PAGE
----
Search Images Maps Play YouTube News Gmail Drive More »
Sign in
Screen reader users: click this link for accessible mode. Accessible mode has the same essential features but works better with your reader.

Patents

  1. Advanced Patent Search
Publication numberUS6053269 A
Publication typeGrant
Application numberUS 09/133,547
Publication dateApr 25, 2000
Filing dateAug 13, 1998
Priority dateAug 13, 1998
Fee statusLapsed
Also published asCA2340437A1, CA2340437C, EP1105298A2, WO2000009349A2, WO2000009349A3
Publication number09133547, 133547, US 6053269 A, US 6053269A, US-A-6053269, US6053269 A, US6053269A
InventorsWilliam N. Patten
Original AssigneeThe Board Of Regents Of The University Of Oklahoma
Export CitationBiBTeX, EndNote, RefMan
External Links: USPTO, USPTO Assignment, Espacenet
Vehicle/bridge vibration mitigation assembly
US 6053269 A
Abstract
A vibration mitigation assembly for mitigating vibration of a bridge as a vehicle travels across the bridge is provided. The vibration mitigation assembly includes a plurality of adjustable actuator assemblies having a first fluid chamber and a second fluid chamber interconnected by a valve. The actuator assemblies being connected to the vehicle and motion sensors being attached to the vehicle to measure vibration of the vehicle. In response to the motion data, a controller outputs a control signal to the valve to vary the flow rate of the fluid between the first and second chambers such that the amount of vibration energy dissipated by the vibration mitigation assembly is selectively varied whereby both a stiffness of the adjustable actuator assemblies and the amount of damping are continuously adjusted to prevent resonant coupling between the vehicle and the bridge over which the vehicle is traveling.
Images(4)
Previous page
Next page
Claims(26)
What is claimed is:
1. A vibration mitigation assembly for mitigating vibration of a bridge as a vehicle travels across the bridge, the assembly comprising:
a plurality of adjustable actuator assemblies mountable to the vehicle, each actuator assembly comprising:
a cylinder having a first end and a second end, the second end of the cylinder adapted to be connected to a portion of the vehicle;
a piston slidably disposed in the cylinder, the piston defining a first fluid chamber and a second fluid chamber in the cylinder with each of the first and second fluid chambers having a fluid disposed therein;
a piston rod having one end connected to the piston and another end extending from the first end of the cylinder and adapted to be connected to another portion of the vehicle; and
a valve interconnecting the first fluid chamber to the second fluid chamber so as to provide fluid flow between the first fluid chamber and the second fluid chamber and so as to regulate the flow of the fluid between the first fluid chamber and the second fluid chamber;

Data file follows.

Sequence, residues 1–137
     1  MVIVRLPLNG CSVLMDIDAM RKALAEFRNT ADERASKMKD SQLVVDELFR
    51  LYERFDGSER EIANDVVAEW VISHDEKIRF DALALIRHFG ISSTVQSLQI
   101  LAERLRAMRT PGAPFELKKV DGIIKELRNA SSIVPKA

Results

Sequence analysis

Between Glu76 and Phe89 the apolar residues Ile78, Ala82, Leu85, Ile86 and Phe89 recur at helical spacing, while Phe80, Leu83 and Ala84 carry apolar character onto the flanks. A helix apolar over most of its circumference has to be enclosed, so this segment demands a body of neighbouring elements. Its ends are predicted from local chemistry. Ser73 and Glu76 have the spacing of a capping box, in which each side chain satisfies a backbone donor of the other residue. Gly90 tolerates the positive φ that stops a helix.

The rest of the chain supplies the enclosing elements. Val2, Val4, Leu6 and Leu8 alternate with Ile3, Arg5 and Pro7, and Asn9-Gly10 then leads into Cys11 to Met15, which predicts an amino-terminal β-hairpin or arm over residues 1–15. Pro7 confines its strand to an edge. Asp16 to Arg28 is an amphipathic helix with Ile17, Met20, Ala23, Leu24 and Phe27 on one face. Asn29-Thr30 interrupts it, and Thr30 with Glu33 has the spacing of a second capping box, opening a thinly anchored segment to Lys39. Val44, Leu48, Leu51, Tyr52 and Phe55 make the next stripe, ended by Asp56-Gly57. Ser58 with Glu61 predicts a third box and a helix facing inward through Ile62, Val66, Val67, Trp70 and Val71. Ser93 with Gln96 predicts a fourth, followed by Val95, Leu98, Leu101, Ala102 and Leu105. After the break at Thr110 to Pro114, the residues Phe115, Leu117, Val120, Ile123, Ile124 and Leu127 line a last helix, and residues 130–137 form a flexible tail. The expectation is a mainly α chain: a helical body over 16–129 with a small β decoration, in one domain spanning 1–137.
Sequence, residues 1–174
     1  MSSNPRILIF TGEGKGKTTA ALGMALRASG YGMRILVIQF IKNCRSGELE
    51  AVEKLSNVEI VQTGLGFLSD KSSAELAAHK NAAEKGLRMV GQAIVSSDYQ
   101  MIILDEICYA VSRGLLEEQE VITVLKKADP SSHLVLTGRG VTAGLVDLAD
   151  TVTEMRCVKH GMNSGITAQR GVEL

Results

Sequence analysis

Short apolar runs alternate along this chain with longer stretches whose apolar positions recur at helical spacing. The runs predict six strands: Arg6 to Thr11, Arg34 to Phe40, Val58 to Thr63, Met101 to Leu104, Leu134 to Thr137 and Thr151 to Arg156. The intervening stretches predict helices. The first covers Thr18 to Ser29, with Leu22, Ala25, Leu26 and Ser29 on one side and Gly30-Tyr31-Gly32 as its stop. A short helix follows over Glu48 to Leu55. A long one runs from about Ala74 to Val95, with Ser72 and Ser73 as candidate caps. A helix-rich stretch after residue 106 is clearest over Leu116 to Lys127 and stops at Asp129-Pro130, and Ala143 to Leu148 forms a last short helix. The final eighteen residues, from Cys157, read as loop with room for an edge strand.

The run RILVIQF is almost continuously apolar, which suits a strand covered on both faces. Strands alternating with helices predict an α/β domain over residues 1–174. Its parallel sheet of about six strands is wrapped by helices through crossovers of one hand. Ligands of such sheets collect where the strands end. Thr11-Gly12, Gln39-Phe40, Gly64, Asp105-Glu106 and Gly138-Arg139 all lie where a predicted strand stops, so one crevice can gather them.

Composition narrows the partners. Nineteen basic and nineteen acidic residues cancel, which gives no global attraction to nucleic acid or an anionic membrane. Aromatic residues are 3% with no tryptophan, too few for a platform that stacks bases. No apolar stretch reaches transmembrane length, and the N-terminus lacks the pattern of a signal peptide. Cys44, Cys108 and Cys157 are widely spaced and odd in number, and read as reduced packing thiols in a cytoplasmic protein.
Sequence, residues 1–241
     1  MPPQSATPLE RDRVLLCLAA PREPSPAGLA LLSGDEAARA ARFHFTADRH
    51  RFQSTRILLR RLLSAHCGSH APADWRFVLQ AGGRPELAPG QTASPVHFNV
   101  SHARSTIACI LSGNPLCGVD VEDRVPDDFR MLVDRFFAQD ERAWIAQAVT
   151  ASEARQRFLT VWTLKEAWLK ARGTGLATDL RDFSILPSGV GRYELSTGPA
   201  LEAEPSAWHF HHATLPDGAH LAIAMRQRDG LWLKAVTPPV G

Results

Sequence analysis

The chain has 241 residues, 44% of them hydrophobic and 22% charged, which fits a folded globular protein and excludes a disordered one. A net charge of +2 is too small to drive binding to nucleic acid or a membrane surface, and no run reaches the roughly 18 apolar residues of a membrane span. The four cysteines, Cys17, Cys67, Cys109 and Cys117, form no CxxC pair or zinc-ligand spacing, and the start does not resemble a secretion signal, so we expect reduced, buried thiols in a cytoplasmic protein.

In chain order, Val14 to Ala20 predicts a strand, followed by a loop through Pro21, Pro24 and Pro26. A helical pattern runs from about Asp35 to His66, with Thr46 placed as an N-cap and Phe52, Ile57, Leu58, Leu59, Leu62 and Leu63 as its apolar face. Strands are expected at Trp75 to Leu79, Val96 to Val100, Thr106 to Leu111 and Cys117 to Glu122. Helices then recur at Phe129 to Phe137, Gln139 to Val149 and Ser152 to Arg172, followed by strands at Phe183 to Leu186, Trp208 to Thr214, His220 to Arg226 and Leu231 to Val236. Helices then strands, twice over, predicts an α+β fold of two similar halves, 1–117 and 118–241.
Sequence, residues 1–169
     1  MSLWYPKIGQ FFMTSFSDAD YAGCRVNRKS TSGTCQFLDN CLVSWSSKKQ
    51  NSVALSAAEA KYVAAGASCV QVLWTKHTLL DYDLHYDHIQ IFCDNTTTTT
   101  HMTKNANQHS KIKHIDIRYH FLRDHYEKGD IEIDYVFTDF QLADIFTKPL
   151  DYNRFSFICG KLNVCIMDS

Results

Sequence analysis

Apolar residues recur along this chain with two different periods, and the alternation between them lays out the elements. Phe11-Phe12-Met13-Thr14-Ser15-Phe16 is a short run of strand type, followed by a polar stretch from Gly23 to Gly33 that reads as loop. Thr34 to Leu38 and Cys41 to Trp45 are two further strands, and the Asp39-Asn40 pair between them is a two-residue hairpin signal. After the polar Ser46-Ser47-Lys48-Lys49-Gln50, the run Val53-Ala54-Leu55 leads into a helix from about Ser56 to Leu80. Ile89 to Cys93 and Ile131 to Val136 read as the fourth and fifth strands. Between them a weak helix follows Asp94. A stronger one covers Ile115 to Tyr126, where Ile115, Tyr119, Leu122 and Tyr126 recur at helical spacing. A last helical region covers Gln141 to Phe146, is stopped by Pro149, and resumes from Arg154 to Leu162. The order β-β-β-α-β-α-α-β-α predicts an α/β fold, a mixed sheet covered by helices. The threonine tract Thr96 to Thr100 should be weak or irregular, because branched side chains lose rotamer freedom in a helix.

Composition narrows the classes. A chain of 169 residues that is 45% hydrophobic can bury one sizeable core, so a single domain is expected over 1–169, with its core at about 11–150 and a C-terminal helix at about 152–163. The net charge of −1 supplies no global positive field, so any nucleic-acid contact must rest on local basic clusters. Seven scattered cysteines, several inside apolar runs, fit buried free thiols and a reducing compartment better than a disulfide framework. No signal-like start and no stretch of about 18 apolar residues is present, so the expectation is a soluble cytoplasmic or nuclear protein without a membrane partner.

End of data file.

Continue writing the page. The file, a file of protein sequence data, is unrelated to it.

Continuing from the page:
vehicle sensor means for measuring the vibration of the vehicle and for generating a data signal representing the vibration of the vehicle;
piston sensor means for measuring the movement of each piston relative to its corresponding cylinder and for generating a data signal representing the movement of each piston relative to the cylinder;
pressure sensor means for measuring the pressure in the first fluid chamber and the second fluid chamber of each cylinder and for generating a data signal representing the pressure differential between the first fluid chamber and the second fluid chamber of each cylinder; and
vehicle control means for generating a control signal in response to the data signals received by the vehicle control means from the vehicle sensor means, the piston sensor means, and the pressure sensor means, and for outputting the control signal to the valve means to regulate the flow of the fluid between the first and second fluid chambers of the cylinders such that the amount of vibration energy dissipated by the vibration mitigation assembly is selectively varied whereby both a stiffness of the adjustable actuator assemblies and the amount of damping are continuously adjusted to prevent resonant coupling between the vehicle and the bridge.
2. The assembly of claim 1 further comprising :
means for switching the vehicle control means from a normal mode wherein each of the actuator assemblies operates as a passive damper to a bridge mode upon the vehicle entering the bridge and for switching the vehicle control means from the bridge mode back to the normal mode upon the vehicle exiting the bridge.
3. The assembly of claim 1 wherein the vehicle control means is connected to the valve via a dc motor.
4. The assembly of claim 3 wherein the motor is connected to the valve via a flexible helical coupling which is axially flexible while being torsionally rigid to minimize torque load on the motor.
5. The assembly of claim 3 wherein the motor is powered by a battery.
6. The assembly of claim 1 wherein the fluid is a compressible fluid.
7. The assembly of claim 6 wherein the compressibility of the fluid is in a range of about 2.7106 m2 /N to about 2.7108 m2 /N.
8. A vibration mitigation assembly for mitigating vibration of a bridge as a vehicle travels across the bridge, the assembly comprising: